What are itch mites?
Itch mites are microscopic insect-like creatures that cannot be seen by the naked eye. There are several different kinds of itch mites in the United States. One type, the oak leaf gall mite, is believed to be responsible for outbreaks of human bites in 2004 in Kansas, Missouri, Nebraska and Texas. The mite feeds on the larvae of a small fly (midge) which forms a brown and crusty shell on the edge of an oak leaf (known as a gall).
Can people be bitten by itch mites?
Yes. Although the oak leaf gall mite feeds on midge larvae, they can accidentally bite people when looking for food. Mites usually need about four hours on your body before they bite. Once the mite’s regular food source is gone from the leaves, usually in late summer, the mites drop from the trees. Oak leaf gall mites are so small that they can float on the wind, and pass through window or door screens and loosely-woven clothing.
How will I know if I have been bitten?
You may develop red welts that look like chigger bites on your neck, face, arms and upper body. These bites are not usually on legs where chigger bites may be found. The itch mite welts form into a pimple-like lesion after about 12 hours. The bites are very itchy and can be present for up to two weeks.
What should I do if I think I’ve been bitten?
The most important thing is not to scratch the bites, since scratching can lead to an infection. Try over-the-counter topical anti-itch creams and oral anti-histamines to control itching. If the itching is intense, or you develop a skin infection, you should contact your health care provider.
Can I use DEET or other insect repellent?
Since the mites only bite people when they accidentally fall on them, DEET and other insect repellents may not work. However, to prevent being bitten by mosquitoes, which can carry West Nile virus, you should use insect repellents with DEET.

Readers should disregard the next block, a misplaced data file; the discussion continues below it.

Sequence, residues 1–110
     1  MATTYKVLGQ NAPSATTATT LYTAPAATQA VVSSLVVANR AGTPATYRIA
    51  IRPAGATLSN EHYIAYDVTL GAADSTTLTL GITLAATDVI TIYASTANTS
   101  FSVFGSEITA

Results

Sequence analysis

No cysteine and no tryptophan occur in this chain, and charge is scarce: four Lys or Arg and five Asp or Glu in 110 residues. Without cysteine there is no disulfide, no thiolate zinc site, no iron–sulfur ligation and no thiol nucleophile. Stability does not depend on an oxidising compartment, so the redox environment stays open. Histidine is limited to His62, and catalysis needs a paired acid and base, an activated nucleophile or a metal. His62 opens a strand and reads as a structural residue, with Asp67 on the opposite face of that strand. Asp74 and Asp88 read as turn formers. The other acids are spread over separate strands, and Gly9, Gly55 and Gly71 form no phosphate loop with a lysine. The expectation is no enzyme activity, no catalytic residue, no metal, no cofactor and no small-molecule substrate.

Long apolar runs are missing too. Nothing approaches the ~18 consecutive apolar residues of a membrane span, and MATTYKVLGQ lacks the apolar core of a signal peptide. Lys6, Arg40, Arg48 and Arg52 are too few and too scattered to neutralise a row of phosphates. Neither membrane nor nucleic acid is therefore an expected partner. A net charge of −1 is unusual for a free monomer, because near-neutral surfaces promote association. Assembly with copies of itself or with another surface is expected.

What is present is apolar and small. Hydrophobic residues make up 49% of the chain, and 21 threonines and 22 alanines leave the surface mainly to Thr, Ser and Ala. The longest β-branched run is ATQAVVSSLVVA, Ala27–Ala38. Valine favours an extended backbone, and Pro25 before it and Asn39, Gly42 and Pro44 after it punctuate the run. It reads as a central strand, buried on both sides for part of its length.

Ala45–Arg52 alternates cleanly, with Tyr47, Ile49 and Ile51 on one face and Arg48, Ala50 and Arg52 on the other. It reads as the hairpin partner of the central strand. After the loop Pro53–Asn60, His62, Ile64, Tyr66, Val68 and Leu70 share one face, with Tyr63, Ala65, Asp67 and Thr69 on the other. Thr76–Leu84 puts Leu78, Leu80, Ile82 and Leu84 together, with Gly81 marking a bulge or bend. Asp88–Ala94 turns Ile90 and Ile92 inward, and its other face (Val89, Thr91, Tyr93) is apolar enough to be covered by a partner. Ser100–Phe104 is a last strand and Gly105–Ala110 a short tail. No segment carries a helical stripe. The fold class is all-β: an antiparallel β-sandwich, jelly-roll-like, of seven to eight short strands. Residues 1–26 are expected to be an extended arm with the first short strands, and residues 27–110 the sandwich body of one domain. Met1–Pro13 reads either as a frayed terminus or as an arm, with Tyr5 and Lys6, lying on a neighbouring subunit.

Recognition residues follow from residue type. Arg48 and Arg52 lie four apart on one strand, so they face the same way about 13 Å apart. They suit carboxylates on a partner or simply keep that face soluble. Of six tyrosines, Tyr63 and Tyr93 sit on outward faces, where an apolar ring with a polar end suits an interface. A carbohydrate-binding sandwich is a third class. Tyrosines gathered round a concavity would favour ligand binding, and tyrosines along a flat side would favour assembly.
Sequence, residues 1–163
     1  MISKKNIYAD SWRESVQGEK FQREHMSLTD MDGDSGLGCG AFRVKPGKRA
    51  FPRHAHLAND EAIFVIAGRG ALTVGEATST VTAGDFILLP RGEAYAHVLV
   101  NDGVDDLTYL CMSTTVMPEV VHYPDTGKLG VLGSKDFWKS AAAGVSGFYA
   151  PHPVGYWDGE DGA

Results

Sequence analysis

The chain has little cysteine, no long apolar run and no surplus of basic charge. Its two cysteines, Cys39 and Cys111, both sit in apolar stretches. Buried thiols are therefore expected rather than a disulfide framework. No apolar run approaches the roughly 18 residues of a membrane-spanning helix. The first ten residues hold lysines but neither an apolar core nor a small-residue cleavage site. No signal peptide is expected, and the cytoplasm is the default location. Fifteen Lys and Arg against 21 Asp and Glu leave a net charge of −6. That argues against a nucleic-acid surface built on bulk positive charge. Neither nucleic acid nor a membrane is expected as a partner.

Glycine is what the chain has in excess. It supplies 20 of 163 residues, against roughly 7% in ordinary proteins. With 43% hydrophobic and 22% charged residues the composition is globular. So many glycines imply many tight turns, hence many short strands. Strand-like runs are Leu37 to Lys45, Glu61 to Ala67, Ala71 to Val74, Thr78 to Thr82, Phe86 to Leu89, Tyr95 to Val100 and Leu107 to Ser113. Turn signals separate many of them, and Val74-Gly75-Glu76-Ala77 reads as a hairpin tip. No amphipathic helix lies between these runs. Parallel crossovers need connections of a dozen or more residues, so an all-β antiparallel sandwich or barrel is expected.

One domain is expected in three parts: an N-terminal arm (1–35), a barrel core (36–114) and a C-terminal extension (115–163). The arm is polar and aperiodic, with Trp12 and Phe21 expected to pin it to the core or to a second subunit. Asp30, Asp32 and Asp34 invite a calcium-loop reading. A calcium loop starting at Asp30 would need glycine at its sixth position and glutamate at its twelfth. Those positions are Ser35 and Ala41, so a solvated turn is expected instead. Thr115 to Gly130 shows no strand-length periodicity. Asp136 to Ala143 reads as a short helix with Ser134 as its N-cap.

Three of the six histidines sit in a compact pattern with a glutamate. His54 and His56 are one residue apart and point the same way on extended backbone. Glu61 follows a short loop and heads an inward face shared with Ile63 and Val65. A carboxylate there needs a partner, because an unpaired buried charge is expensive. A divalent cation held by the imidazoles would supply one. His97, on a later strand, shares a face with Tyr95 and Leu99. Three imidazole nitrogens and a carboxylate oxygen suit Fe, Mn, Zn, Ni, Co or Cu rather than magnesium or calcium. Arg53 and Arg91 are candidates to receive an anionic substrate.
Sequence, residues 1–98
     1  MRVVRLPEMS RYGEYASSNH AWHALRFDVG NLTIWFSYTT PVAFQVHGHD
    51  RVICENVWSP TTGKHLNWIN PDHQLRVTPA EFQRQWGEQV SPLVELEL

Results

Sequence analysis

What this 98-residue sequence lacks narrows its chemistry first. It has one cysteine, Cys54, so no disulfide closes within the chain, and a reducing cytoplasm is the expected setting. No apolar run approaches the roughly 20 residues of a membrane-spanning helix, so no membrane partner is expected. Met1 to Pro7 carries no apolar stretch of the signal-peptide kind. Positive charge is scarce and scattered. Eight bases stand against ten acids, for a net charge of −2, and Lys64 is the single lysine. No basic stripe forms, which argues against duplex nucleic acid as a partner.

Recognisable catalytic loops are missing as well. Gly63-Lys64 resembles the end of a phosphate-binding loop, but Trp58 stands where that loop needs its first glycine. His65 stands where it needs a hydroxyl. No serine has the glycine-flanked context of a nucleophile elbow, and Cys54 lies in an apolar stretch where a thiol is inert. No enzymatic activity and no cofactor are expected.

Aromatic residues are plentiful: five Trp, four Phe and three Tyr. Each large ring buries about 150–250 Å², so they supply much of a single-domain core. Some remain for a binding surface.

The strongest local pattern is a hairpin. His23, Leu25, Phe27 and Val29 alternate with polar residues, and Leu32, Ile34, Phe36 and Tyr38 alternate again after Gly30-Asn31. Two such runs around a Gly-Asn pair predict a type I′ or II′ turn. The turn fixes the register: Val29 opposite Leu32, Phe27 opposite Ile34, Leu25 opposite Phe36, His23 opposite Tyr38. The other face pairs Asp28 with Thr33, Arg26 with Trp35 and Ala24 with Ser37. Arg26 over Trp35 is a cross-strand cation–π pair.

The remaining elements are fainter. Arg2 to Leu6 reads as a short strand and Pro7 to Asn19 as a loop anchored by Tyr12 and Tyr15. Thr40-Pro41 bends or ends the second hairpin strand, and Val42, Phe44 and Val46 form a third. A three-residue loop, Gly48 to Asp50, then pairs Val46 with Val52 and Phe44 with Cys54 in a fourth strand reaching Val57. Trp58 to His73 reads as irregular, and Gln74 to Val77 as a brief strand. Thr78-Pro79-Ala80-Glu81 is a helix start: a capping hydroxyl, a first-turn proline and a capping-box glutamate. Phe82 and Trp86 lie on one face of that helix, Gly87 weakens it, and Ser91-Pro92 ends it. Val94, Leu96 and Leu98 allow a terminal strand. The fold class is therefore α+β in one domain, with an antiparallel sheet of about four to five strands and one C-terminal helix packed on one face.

Can itch mites live in my home?
No, in order to survive, itch mites need to feed on insect larvae, which are usually found on the inside of tree leaves.
If the mites come from oak trees, should the trees be sprayed or removed?
No. Since mites feed on insect larvae that are inside the edge of leaves, chemical sprays are not effective. Removal of trees is not necessary because these mites are not likely to be a problem every year.
Both photos courtesy of University of Nebraska Entomology Department.
Pyemotes Itch Mites - University of Nebraska–Lincoln
They're Back – Itch Mites on the Increase - University of Nebraska–Lincoln
For more information, contact the Illinois Department of Public Health, Division of Environmental Health, 525 W. Jefferson St., Springfield, IL 62761, 217-782-5830, TTY (hearing-impaired use only) 800-547-0466.
of Public Health
535 West Jefferson Street
Springfield, Illinois 62761
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